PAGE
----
We Live in a World of Extremes (Whether You Like It or Not)


It’s One Thing, or Another…

On my way home from a meeting this week, I was reflecting on our tendency to polarise things, rather than find alignment.

Do we naturally create extremes in order to have a comparison? And why do we pay less attention to what happens in the middle?

Here's the scenario:


Earlier this year I did some work with Deborah, the Director of a non-profit (a charity, as we're more likely to call them in the UK).

She came to me because the organisation she headed up was in a crisis; they desperately needed funds, their old sources of grant funding were drying up, new funds seemed hard to acquire, and, to top it all, the Board of Trustees was failing to function as she wanted.

And this seems typical of some or the organisations I come across in the non-profit world.

Organisations that are shrinking, that are under-resourced, with staff who struggle to stay motivated, organisations which face conflict or apathy at the board level, and really, one might say, are taking a final few breaths before they close or merge.

With all the energy they are expending on just 'staying alive' it seems there is little left over for those they serve.

Compared to...


Fast-forward to my meeting this week and the situation could not be more different.

I'd been facilitating an inner circle meeting for donors to non-profit that is definitely at the other end of the success spectrum.

This organisation is thriving; growing in both reach and reputation, with staff who buzz with enthusiasm and exude positivity about the contribution they are making through the organisation's powerful mission.

Everyone is alive with the energy of their impact.

Is this polarity real, or imagined?

In my mind, these extremes seem very real -- the thriving versus the struggling -- with very little in-between.

My guess, though, is that although the non-profit world may be a little more polarised than some, my impression of the divide doesn't reflect reality.

There will be many organisations that are doing 'OK'; that have enough money, where staff feel pretty content with what they do, and that don't face immediate threat of closure.

The truth is simply that we notice those at the extremes more than we notice those in the middle.

We don't notice 'average'.

In school, the children who are 'average' performers tend to go unnoticed. They're not bright enough to stand out and they don't misbehave enough to take up a lot of staff time and attention.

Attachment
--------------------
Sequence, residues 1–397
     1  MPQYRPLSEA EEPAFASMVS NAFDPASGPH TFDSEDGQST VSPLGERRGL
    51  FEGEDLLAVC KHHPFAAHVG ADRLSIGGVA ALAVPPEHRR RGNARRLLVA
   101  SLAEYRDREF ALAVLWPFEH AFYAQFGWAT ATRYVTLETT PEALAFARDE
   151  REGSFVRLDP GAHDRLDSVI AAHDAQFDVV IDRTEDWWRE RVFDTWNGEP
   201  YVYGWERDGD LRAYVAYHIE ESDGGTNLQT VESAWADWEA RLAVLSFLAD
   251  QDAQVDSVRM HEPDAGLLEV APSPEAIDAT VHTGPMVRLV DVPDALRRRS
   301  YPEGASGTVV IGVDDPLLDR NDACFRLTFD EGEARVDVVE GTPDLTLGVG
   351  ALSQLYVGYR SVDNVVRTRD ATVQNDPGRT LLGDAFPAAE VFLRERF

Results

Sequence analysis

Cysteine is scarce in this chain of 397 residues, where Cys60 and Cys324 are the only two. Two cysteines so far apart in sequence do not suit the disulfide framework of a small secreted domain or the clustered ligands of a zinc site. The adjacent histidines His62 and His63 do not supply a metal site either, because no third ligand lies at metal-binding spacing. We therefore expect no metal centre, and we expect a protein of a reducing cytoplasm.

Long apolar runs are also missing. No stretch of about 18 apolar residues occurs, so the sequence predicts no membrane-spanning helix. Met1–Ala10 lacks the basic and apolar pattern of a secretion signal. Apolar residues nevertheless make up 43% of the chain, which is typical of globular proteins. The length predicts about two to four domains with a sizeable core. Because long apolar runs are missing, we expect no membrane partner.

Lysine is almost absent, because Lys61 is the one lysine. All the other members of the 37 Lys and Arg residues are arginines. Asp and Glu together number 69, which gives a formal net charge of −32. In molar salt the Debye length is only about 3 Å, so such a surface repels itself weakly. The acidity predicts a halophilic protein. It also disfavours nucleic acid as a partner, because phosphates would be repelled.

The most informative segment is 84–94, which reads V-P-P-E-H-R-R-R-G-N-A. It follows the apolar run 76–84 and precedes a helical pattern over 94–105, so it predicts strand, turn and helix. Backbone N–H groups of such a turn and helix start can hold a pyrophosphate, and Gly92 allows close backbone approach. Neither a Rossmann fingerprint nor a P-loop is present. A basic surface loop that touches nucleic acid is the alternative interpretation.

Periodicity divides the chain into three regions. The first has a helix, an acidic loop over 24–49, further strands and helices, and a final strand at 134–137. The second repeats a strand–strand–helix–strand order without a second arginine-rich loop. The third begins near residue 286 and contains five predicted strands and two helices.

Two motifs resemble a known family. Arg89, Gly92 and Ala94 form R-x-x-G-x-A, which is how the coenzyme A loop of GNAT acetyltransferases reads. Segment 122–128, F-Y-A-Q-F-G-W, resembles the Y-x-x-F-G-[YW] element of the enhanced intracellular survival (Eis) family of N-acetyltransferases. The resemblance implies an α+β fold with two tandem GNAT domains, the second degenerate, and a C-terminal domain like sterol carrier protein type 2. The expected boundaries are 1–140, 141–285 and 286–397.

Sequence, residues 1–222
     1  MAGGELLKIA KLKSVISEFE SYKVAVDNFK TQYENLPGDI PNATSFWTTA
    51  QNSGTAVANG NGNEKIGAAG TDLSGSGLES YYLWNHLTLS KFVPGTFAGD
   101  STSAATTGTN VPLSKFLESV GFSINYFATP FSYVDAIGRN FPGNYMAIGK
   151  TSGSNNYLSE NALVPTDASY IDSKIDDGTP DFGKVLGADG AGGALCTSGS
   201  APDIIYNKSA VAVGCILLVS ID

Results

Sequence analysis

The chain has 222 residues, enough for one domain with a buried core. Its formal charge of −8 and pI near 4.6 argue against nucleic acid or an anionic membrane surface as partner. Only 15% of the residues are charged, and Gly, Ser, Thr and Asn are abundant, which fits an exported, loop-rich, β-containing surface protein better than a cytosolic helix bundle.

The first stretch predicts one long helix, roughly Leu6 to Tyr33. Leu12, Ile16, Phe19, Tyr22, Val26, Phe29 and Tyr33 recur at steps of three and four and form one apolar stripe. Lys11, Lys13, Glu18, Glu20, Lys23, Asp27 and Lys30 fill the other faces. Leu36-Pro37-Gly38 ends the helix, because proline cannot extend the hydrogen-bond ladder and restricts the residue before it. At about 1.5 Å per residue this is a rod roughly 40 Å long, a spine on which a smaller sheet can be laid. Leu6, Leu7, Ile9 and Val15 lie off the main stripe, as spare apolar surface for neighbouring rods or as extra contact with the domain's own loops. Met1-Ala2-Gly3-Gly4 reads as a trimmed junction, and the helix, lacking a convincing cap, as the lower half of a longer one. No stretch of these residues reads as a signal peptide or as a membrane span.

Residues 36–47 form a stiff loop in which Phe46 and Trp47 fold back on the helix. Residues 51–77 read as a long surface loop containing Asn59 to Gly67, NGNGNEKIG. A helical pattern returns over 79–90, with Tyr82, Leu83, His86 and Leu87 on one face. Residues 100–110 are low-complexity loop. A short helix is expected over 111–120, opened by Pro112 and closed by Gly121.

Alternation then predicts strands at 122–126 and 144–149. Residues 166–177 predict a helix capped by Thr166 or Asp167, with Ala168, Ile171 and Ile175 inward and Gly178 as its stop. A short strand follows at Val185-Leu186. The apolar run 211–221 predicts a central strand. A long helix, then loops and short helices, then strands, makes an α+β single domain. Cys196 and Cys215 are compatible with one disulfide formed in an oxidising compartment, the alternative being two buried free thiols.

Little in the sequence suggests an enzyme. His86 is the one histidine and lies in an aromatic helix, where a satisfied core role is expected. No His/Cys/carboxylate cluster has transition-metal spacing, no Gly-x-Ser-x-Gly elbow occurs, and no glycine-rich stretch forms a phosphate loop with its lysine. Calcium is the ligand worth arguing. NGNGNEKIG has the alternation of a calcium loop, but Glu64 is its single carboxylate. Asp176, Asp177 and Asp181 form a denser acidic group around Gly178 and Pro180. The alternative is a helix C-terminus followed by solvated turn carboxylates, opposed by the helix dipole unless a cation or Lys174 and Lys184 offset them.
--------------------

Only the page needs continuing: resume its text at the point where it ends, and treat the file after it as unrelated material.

This will be true in your world -- whether it's your business or your career.

People are more likely to notice you if you're at an extreme.

It could be that you have an extreme opinion, or maybe you provide fantastic customer service that goes well beyond the norm. Maybe you're just brilliant at what you do: the 'lynchpin' as Seth Godin calls it.

Or, it could be the reverse -- maybe you get noticed for failure!

And—here's the rub—whichever end of the extreme you are, you will stand out—and people will talk about you. And that ‘talk’ will be based on what’s in their mind, not what is actually true for you. For most people this is hugely uncomfortable.

Just as I was doing -- creating my own perception of the dying-struggling divide and contrasting those two non-profit organisations I'd come to know well -- people will do this with you and your business, or the job you're doing.

It's natural, and being successful definitely won't make you immune from attention.

In fact, being average is the place to be if you don't want to stand out.

As Oscar Wilde said (with a healthy dose of tongue in cheek!),

There is only one thing in the world worse than being talked about, and that is not being talked about.

The easy way to 'not' be talked about is to embrace average.

Don't speak out, don't voice your opinion, don't say anything that 'most people' might take issue or disagree with. Choose to be ignored.

Success Happens at the Edge

But average isn't where the biggest successes and the greatest learning comes from.

I know, without a shadow of a doubt, that those people who strive to be in alignment with who they are, and to find their performance edge, are those who make the biggest difference. These are the innovators, the bold, those who choose to create the world they want to live in.

Which means they sometimes find themselves at the 'extreme'.

These are the people who create thriving organisations, who bring an energy that is contagious, who create a positive cycle of commitment and success.

I'm not saying it's always easy to maintain growth and positivity but, when you consider the alternatives, why would we choose not to?

Why not go all out to do what you want, to create what you want to create?

It's what the people I work with are choosing to do.

With love,


P.S. And Deborah? I'll tell you how that worked out in another post ;)